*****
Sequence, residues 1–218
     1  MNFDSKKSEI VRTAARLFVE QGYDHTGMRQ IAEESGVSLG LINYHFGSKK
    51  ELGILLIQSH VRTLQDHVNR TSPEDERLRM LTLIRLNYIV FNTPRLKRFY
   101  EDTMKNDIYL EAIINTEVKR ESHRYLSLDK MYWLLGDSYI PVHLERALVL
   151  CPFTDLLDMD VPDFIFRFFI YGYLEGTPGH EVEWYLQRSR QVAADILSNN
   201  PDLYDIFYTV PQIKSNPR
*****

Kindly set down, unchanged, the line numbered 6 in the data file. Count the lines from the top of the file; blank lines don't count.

   201  PDLYDIFYTV PQIKSNPR